The well-known British newspaper The Telegraph has dedicated an article entitled 'Albania: why it is time to put the ancient country on your holiday wish list' in which it explains, precisely, why Albania must be visited strictly by a cultural and historical point of view.
This ancient country on your holiday wish-list
The Telegraph article starts fromDurres amphitheater and from the city itself, which is exactly what you would expect with many container ships and ferries crowding the port and ready to cross theAdriatic towards Ancona and Bari. The traffic fills the narrow streets of the city as tourists fill the hotels since the country shook off the communist dictatorship in 1992.
Attention then returns to the city amphitheater, which reveals years and years of history: from the Roman Empire - it was built, in fact, under the reign of Emperor Trajan - in the Ottoman era of the fifteenth century through the Byzantine era , when the theater was used as a church.
And all this is only part of the story of a city founded by the Greek colonists in 627 AC, a moment that is remembered by the statues and ceramic fragments of the archaeological museum. Many characteristic elements that make Albania a unique destination to visit, as confirmed by The Telegraph:
"No previous experience of ours can be compared to Albania, a country that, we are realizing, has a complicated and glorious past" - writes the British journalist.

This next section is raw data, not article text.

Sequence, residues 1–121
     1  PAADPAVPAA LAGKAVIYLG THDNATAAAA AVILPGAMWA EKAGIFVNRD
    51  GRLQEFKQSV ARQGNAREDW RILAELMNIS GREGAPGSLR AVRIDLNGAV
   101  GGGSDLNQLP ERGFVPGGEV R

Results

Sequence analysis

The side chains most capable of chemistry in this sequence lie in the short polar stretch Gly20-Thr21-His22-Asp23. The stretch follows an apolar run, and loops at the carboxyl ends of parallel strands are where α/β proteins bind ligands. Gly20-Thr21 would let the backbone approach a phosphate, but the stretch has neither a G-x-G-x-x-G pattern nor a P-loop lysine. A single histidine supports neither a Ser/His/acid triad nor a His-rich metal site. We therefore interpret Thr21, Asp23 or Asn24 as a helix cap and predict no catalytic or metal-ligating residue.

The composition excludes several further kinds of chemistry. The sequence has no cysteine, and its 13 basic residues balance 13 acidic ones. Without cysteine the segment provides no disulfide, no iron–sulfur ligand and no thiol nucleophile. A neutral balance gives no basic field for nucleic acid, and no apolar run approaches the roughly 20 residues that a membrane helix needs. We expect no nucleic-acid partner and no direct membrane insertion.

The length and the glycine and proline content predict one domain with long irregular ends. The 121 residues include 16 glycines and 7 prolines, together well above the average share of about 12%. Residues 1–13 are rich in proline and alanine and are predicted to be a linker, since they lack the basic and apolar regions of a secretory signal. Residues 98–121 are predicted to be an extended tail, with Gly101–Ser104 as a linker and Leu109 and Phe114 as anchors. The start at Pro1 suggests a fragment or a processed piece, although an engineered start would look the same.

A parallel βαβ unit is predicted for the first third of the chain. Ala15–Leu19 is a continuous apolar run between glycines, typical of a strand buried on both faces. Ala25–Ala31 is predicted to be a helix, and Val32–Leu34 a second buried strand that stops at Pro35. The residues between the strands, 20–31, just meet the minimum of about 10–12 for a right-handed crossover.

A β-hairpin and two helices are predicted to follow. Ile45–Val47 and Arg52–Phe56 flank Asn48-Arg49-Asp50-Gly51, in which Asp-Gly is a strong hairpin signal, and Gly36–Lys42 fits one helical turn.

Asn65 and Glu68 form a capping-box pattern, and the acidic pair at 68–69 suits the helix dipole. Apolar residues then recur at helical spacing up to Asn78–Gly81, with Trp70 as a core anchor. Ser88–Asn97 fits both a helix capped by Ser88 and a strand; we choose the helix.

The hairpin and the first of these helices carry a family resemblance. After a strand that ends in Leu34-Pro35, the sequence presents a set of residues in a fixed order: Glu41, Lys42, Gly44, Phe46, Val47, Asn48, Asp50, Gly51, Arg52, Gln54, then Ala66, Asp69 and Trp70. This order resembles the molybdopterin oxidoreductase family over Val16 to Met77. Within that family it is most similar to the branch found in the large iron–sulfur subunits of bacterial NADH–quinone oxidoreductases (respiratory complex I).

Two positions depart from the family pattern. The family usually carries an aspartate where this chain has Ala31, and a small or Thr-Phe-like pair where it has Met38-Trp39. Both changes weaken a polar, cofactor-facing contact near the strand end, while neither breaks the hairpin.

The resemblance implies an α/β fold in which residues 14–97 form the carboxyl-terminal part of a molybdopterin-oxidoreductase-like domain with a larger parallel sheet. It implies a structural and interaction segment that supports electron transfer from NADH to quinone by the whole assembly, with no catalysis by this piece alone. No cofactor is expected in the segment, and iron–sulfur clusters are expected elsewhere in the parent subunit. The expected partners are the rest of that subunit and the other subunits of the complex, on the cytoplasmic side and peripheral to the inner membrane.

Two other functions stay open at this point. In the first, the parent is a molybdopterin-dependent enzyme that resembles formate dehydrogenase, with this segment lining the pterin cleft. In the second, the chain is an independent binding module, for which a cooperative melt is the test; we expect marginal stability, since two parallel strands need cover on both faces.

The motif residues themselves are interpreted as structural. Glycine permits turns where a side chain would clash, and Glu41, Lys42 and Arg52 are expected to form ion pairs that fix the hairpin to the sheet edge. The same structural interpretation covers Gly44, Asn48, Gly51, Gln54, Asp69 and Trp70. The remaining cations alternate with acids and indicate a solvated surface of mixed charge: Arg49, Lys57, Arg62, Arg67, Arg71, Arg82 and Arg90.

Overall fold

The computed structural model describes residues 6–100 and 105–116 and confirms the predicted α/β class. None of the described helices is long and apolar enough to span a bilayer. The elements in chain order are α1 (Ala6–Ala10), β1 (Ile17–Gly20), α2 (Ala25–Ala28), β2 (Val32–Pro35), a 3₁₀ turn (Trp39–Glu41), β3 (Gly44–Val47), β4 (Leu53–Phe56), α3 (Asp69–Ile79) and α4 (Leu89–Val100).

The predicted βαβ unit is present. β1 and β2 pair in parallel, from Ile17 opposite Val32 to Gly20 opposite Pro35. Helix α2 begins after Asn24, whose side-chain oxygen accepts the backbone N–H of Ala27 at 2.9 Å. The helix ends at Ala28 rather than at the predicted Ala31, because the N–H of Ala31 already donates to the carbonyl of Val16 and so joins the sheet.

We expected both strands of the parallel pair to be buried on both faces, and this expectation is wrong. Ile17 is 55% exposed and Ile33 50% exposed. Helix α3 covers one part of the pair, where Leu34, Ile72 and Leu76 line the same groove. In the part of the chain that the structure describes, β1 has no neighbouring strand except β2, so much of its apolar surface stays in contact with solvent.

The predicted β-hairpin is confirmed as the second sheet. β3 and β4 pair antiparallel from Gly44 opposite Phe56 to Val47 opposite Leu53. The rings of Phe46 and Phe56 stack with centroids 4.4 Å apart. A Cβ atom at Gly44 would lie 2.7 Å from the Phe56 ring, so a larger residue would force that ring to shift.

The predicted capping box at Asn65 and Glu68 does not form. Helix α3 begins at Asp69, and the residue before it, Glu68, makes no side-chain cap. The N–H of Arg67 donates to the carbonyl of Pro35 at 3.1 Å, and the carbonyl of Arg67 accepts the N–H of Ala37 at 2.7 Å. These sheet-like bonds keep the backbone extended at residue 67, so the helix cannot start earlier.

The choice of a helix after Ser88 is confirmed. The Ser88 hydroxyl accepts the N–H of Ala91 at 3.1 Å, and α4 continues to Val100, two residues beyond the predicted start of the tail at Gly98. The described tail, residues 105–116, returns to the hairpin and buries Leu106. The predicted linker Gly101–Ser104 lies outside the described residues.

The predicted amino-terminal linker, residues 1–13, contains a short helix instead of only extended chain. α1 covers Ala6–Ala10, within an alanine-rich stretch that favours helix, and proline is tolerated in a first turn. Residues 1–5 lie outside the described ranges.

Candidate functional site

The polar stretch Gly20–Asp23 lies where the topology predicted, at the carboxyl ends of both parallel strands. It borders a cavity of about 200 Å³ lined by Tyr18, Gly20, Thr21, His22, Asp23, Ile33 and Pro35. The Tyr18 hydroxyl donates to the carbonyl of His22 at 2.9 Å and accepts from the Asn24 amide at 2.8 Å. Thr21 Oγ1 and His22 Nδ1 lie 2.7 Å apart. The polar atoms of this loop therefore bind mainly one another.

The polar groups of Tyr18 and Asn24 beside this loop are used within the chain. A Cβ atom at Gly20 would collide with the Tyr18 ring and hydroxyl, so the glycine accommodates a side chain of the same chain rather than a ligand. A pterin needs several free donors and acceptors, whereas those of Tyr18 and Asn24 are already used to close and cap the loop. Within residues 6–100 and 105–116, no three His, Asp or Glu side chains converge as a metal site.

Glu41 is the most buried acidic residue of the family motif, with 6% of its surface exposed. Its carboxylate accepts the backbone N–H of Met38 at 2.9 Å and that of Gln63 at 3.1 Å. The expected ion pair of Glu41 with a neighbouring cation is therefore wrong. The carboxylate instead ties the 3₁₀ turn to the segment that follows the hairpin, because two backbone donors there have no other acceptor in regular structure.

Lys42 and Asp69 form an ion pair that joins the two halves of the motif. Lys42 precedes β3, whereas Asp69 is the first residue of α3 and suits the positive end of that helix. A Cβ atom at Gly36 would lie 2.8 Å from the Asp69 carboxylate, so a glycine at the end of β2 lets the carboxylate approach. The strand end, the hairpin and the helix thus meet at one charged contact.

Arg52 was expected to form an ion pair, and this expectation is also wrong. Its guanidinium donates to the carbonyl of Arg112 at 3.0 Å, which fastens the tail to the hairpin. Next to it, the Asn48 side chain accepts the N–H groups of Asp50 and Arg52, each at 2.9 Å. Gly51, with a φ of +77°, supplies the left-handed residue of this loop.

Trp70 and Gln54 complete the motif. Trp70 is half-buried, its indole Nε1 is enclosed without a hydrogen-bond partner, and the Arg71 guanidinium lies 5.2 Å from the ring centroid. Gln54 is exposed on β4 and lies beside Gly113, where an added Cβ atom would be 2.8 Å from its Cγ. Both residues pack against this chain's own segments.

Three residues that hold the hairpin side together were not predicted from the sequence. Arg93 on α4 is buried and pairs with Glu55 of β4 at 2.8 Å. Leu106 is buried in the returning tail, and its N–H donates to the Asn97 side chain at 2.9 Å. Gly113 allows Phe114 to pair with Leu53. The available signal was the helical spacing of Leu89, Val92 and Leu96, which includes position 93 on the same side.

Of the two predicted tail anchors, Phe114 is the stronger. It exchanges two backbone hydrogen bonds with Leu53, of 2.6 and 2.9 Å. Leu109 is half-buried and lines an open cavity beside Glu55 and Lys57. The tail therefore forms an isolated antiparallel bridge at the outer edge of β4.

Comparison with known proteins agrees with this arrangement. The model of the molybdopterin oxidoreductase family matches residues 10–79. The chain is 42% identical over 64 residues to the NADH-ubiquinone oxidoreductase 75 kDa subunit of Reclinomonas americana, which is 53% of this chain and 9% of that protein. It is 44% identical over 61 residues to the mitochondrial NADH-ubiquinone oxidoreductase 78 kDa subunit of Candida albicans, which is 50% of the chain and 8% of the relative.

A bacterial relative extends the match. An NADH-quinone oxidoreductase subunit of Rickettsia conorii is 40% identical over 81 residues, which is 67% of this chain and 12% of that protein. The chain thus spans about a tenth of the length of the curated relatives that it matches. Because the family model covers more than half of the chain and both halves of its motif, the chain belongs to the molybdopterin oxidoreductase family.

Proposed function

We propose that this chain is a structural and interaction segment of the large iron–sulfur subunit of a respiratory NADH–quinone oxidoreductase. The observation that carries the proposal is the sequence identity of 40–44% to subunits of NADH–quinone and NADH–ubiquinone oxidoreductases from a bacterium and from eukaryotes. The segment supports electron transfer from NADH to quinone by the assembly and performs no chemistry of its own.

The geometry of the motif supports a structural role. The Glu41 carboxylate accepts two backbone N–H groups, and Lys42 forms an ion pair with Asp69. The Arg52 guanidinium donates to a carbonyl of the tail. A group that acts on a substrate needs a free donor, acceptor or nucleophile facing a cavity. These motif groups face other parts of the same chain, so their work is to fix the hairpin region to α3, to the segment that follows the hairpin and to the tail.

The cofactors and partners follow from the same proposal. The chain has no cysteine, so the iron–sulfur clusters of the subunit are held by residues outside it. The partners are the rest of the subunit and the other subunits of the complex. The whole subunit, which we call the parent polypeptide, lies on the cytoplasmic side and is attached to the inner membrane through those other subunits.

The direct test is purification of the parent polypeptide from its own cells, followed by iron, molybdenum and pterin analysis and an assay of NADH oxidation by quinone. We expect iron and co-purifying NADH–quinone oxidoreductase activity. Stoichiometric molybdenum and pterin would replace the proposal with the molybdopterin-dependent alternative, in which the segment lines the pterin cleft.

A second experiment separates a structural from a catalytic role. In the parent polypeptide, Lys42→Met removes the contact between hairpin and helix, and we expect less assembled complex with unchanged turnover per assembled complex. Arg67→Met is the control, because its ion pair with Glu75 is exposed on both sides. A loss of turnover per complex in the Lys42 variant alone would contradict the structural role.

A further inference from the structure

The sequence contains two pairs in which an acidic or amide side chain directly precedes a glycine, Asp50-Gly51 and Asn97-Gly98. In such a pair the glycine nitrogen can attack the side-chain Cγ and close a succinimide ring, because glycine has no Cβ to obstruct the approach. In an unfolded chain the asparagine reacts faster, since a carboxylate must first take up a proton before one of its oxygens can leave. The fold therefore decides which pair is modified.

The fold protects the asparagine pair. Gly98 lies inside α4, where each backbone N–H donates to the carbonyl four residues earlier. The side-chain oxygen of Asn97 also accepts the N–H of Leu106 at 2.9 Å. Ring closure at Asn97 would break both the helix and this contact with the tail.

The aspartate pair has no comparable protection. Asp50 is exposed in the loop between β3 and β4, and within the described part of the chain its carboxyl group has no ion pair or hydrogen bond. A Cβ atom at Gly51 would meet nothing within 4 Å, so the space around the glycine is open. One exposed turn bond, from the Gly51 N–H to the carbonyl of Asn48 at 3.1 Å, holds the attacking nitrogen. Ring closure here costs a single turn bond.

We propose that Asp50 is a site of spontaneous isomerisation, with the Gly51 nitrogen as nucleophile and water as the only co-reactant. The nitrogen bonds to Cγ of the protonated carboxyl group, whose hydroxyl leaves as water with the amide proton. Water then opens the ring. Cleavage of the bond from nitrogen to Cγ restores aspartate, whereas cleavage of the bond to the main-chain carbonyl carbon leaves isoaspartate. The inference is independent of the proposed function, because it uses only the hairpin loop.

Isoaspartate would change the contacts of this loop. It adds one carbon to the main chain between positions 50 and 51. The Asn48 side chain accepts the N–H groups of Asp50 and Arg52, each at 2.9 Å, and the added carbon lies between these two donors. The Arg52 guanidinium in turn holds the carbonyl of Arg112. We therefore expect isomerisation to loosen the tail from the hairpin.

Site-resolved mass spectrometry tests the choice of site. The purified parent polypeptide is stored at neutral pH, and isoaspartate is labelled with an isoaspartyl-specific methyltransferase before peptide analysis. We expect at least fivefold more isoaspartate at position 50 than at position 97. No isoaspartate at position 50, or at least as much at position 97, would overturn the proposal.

The attention of the newspaper focuses mainly on the Illyrian tradition of the country, which in addition to Durres, has in the city of Alessio - 70 km north of the coastal city - a symbol of the Illyrian kingdom, including the remains of the ancient city of Lissos founded in 385 AC To Alexis, what was once an Illyrian temple and later the St. Nicholas Cathedral, today it is a mausoleum dedicated to the national hero Gjergj Kastrioti Skanderbeg.
The article ends with the capital Tirana - an increasingly vibrant city with new bars that light up its trendy neighborhood, the 'Blloku'- and his personal Illyrian tradition, strongly present in the national historical museum. Here many objects, such as helmets, shields and armor, bring to mind the Illyrian period of the country. The journey then ends in the ancient city of Bylis, where it is possible to spy on the scenery of centuries and centuries ago and the Illyrian and Roman tradition intertwine.
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